There are many reasons why you might want to hide zero values in Excel. For example when working with cell links, Excel shows a 0 even if the source cell is blank. Or because it might look more professional. Whatever reason you have, there are different methods for hiding zero values. Depending on the scope (for example one worksheet or just selected cells), different methods are most suitable. In this article we explore 3 methods of hiding zero values in Excel and compare them.
3 ways of hiding zeros in Excel
Let’s first take a look at 3 ways of hiding zeros in Excel. Then we compare them. Later on we take it one step further by learning how to blind out zero values in the complete workbook.
Method 1: Hide zero values with conditional formatting rules
Probably the best known way: Using conditional formatting rules. Please follow these steps (the numbers are corresponding to the picture on the right hand side):
- Select the cells or cell range in which you want to hide zeros.
- Click on the ‘Conditional Formatting’ button in the middle of the ‘Home’ ribbon.
- Click on ‘New Rule…’.
- Now you’ll see a new window. Select the second list item ‘Format only cells that contain’.
- Select the following values below: ‘Cell Value’, ‘equal to’ and ‘0’. This makes sure that all cells having a zero value will be formatted.
- Click on the ‘Format…’ button in order to set the format.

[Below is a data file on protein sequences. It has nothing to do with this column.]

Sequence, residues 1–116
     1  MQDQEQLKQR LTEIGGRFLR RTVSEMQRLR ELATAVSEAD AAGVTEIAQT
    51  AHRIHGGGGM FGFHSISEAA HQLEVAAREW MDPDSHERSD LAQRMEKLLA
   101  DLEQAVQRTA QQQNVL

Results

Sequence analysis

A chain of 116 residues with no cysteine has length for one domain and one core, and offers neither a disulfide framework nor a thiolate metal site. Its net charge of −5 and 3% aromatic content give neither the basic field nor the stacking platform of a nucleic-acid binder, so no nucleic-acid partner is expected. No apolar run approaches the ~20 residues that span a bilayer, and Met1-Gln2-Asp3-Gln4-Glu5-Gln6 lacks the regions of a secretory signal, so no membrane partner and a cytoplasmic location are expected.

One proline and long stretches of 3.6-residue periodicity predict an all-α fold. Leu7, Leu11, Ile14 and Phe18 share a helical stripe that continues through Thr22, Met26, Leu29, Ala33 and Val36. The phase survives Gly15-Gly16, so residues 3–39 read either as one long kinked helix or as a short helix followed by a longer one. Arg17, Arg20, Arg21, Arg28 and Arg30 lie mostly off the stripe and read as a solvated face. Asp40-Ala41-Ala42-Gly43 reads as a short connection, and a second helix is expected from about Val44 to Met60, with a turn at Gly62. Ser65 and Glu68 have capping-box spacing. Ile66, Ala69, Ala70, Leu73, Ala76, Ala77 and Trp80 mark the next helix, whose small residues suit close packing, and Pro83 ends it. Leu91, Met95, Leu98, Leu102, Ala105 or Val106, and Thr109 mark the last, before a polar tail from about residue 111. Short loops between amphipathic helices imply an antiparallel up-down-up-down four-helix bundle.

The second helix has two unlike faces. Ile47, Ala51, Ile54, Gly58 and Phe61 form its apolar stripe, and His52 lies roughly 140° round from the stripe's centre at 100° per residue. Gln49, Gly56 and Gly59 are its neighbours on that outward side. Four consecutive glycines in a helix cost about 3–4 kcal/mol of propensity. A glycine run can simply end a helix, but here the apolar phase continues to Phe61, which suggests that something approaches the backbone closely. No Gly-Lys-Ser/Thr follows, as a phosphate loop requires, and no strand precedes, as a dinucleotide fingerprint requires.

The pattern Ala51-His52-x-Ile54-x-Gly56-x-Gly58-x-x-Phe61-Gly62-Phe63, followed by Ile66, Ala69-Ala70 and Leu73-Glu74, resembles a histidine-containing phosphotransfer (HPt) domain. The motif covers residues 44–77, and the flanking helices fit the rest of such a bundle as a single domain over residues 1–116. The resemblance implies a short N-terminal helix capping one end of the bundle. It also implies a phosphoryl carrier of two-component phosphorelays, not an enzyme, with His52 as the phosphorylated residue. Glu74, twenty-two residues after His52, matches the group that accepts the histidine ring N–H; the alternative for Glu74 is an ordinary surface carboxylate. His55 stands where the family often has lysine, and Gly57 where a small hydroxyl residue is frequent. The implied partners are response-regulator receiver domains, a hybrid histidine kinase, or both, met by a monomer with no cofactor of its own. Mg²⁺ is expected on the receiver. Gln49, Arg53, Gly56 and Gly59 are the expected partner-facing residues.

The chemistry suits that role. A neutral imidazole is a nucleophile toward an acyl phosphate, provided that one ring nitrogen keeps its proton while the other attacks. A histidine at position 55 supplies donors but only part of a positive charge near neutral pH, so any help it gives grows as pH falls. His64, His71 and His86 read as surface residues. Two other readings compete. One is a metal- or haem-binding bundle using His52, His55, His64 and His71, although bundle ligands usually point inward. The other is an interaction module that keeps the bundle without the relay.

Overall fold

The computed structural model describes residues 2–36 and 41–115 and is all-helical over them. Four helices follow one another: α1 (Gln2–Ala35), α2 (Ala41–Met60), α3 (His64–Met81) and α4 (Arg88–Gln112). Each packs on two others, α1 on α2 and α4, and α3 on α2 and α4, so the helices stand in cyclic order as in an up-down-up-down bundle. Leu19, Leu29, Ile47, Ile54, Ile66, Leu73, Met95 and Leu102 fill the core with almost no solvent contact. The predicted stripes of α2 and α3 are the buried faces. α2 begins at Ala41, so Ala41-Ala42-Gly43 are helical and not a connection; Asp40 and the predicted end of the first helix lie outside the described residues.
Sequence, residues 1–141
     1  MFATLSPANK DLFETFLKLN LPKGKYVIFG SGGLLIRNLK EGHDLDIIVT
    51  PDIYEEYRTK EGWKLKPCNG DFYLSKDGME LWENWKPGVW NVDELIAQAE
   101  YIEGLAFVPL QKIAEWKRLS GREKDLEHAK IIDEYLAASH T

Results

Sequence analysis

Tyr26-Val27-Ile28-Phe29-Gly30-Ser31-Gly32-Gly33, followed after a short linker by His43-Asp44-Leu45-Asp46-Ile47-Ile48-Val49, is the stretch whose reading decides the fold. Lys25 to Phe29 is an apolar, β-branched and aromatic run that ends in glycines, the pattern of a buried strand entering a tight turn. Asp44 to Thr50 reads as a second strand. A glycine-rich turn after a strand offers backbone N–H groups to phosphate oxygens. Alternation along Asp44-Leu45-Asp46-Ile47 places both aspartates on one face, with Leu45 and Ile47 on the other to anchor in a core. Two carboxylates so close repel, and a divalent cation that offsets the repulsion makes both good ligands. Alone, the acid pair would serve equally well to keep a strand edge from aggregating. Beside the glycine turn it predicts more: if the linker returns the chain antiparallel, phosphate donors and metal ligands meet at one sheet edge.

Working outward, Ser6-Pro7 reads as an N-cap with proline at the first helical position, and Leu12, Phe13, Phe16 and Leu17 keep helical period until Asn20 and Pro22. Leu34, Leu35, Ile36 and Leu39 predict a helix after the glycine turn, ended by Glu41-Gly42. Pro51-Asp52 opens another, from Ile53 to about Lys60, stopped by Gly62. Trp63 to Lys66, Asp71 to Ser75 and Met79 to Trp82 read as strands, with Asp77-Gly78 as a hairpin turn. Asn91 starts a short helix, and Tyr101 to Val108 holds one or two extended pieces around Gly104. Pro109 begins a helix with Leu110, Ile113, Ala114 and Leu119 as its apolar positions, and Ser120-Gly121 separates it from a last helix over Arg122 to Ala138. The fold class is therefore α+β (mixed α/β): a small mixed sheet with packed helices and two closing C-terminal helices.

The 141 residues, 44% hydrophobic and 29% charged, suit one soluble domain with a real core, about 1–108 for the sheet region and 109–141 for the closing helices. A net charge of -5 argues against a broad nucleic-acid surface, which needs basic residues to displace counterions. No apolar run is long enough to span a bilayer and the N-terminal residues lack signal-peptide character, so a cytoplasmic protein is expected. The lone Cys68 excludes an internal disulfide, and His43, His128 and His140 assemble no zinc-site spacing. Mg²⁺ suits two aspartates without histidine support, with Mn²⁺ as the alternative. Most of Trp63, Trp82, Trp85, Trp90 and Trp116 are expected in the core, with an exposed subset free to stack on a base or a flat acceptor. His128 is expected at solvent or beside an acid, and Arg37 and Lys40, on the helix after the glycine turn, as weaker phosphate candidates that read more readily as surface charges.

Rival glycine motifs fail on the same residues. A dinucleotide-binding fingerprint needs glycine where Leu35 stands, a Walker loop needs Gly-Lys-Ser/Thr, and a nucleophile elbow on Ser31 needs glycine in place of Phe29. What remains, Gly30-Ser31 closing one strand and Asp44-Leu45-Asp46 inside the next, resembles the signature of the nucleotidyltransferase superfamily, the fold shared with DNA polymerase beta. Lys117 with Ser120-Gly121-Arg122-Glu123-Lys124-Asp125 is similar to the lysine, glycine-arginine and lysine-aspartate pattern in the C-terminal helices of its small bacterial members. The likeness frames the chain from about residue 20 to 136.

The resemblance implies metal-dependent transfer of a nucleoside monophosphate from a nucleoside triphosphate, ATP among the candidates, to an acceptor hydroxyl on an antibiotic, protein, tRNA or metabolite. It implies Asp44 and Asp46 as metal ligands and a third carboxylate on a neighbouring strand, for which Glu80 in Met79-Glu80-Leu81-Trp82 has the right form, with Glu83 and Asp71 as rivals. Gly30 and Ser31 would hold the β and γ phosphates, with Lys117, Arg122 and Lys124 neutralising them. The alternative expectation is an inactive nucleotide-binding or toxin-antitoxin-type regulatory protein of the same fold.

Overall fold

- Navigate to the ‘Font’ tab.
- Click the small arrow next to ‘Color’ and choose a white font color.
- Confirm with OK.
Please note that instead of really hiding zero values, conditional formatting can only apply white font color. In some cases, these values are still visible, for example when copying a table as an image to PowerPoint. Also, conditional formatting rules are always a little inconvenient to handle and maintain.
Method 2: Blind out zeros with a custom number format
Another option for hiding zero values in Excel is using a custom number format. Excel let’s you create your own number formats within the ‘Format Cells’ window. Follow these steps:
- Select the cells you want to format.
- Press Ctrl + 1 on the keyboard (or alternatively right click on one of the selected cells and click on “Format cells…”).
- Click on ‘Custom’ on the left hand side.
- Paste the code 0;–0;;@ into the ‘Type’ text box.
- Confirm with OK.
Afterwards, you can apply further formatting. For example defining how many digits you want to display by using the corresponding buttons withing the ‘Number’ section on the ‘Home’ ribbon.
For more information about the custom number formats in Excel please refer to this article provided by Microsoft.
Method 3: Hide zero values within the worksheet settings
The third way is probably the most elegant way: Within the ‘Options’, you can untick ‘Show a zero in cells that have zero value’. But there are two disadvantages:
- It only works for all zero values on the selected worksheet. You can’t use this method for single cells or cell ranges.
- It only works for one sheet at a time.
Admittedly, this function is a little bit hidden within the Excel menu structure:
- Click on ‘File’. On the left hand side click on ‘Options’.
- Click on ‘Advanced’.
- Scroll down until you reach the section ‘Display options for this worksheet:’ Select the desired worksheet. Next, remove the tick from ‘Show a zero in cells that have zero value’.
Comparison of the three methods